With so many options out there, how do you narrow down this seemingly infinite selection? Since we all have different needs, it’s going to be a subjective choice based on personal preferences.
For instance, someone who practices heated vinyasa flow at a studio on the way home from work may look for a mat that’s quite different from another person who wants one to keep at home for relaxing, restorative yoga sessions.
One of the things you’ll realize during a yoga teacher training is that your mat will get its fair share of wear, and be sweated on A LOT.”Good grip” become the most important criteria for choosing a mat for a yoga course. How frustrating it is to not been able to practice as the mat is too slippery to offer any form of grip. In our yoga retreats, many students discover how the humidity really takes it up a notch, and for me personally, pretty much all yoga in Thailand is “hot yoga”!
Aside from the intended uses, there are certain factors to help you choose a better mat for you, such as:
Size & weight
Very important detail to consider if you’ll be carrying it to and from your home, or traveling with it. The thickness matters if you want more cushioning for your knees and in reclined postures.
How grippy / sticky is it?
Will you slip all over the place as soon as you begin sweating? Will you need to lay a towel over it? Some mats are designed for more grip once they’re a bit wet, while others require drier hands and feet to remain sticky. If you expect to spend more time sitting or laying down on it then this point becomes irrelevant.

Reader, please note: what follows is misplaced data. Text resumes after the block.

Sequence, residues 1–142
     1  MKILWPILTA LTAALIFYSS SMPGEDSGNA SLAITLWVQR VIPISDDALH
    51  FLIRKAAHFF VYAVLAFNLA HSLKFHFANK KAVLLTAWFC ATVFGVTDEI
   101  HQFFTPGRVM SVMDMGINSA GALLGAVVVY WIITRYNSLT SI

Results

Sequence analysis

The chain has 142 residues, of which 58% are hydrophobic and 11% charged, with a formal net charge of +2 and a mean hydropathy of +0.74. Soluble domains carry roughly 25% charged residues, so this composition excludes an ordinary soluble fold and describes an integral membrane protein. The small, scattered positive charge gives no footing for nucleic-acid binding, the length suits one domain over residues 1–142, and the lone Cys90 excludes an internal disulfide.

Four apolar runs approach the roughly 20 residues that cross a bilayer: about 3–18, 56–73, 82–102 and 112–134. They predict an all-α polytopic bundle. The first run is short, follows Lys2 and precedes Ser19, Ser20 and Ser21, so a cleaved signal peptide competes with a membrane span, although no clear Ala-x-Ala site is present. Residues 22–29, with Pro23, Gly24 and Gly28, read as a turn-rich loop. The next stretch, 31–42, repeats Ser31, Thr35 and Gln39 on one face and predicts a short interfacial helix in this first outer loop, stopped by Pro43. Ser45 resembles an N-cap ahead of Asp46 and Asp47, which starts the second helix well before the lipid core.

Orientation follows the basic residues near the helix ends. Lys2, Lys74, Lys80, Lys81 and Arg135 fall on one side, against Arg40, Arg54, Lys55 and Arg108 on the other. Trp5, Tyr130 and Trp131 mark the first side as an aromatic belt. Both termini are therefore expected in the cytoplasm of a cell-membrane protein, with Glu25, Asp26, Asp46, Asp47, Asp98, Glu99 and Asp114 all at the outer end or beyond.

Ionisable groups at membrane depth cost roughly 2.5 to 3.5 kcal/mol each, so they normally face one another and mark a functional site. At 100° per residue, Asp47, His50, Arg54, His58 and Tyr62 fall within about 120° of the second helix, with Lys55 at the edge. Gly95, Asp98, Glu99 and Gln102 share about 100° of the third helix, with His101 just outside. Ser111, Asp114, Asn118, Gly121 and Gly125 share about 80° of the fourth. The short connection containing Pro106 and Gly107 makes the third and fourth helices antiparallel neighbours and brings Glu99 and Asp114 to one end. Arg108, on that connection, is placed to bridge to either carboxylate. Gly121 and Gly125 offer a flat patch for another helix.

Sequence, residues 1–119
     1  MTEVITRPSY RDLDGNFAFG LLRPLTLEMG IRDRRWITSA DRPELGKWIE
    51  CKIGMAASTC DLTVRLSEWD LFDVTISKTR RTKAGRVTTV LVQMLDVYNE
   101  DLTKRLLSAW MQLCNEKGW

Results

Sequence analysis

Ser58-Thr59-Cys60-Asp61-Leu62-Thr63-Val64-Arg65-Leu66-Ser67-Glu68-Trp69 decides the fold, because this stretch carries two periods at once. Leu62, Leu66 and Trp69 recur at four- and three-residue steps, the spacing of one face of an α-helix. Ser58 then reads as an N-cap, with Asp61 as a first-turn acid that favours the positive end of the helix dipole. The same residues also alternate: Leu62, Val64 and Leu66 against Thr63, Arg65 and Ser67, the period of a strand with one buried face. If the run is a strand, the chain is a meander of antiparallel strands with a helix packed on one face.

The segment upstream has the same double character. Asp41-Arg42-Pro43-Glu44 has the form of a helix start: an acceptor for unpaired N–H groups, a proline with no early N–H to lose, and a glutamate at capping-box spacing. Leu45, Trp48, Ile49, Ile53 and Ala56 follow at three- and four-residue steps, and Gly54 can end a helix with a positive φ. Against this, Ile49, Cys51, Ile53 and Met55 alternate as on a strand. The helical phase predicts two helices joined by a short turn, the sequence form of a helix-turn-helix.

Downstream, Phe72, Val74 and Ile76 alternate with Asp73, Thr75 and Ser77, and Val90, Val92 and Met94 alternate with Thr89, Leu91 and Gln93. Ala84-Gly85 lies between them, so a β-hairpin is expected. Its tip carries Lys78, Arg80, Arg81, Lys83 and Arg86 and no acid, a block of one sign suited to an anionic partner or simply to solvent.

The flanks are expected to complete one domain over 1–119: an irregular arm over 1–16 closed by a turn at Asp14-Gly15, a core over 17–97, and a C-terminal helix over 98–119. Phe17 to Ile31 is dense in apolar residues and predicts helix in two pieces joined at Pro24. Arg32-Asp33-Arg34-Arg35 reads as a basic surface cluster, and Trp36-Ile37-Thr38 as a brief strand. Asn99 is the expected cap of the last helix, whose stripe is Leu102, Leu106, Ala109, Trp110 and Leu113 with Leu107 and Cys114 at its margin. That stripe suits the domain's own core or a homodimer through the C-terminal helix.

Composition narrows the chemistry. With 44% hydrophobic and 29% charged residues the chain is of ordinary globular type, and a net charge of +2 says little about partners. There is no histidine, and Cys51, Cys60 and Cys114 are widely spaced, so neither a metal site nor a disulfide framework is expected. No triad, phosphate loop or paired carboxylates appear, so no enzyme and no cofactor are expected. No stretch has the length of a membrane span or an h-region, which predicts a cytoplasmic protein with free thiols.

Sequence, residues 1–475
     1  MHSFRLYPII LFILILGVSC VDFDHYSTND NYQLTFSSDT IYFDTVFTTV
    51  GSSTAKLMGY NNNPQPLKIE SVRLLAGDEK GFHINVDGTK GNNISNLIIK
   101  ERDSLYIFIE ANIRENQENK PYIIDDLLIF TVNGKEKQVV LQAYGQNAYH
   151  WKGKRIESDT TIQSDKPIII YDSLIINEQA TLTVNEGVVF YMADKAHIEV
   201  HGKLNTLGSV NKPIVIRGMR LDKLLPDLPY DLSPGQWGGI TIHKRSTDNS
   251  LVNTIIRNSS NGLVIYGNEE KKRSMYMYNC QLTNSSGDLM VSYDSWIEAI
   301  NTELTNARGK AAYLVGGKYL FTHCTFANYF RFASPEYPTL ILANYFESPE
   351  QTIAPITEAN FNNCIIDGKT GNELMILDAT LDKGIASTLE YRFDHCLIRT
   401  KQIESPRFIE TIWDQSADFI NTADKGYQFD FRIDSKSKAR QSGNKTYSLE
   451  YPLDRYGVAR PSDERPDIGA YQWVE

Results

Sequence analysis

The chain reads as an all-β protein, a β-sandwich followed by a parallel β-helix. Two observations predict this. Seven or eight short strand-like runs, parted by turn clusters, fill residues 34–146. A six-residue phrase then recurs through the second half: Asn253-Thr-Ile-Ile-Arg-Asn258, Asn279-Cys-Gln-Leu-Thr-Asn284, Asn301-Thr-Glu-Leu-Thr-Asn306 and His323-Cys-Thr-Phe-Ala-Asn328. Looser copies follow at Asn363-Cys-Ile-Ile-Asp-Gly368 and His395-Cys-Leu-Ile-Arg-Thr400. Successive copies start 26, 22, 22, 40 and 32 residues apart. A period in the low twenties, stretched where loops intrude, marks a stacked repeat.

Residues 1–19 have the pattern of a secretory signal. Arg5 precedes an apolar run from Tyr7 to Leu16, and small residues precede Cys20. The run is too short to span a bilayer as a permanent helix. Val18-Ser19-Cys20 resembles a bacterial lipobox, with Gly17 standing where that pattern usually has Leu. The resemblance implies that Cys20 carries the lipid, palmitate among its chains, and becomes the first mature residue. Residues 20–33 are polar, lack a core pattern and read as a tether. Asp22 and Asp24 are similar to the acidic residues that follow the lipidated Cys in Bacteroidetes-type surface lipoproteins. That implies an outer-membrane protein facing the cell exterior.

Does it contain any nasty chemicals that you’ll be breathing in every time you get on the mat? Is it manufactured using environmentally friendly materials? Natural rubber, cork and ones made without carcinogenic plasticizers and glues are better for your health too.
Yes, this is another factor to review. (Have you seen the price of the Manduka PRO Squared mat??) However do keep in mind that a good yoga mat can last a long time when well cared for, so it’s worth the extra expense if it keeps you safer from injury and enjoying your practice more.
One of the mats that many yogis really love is made by Liforme, which was the first to create a unique “navigational tool” – i.e., visible guide lines in the design to help with alignment in various poses.
Designs & Colors This may be just a preference. Some may affect your energy or can be more calming and grounding. Color therapy, chakra enhancing or feng shui? Maybe it simply puts a smile on your face.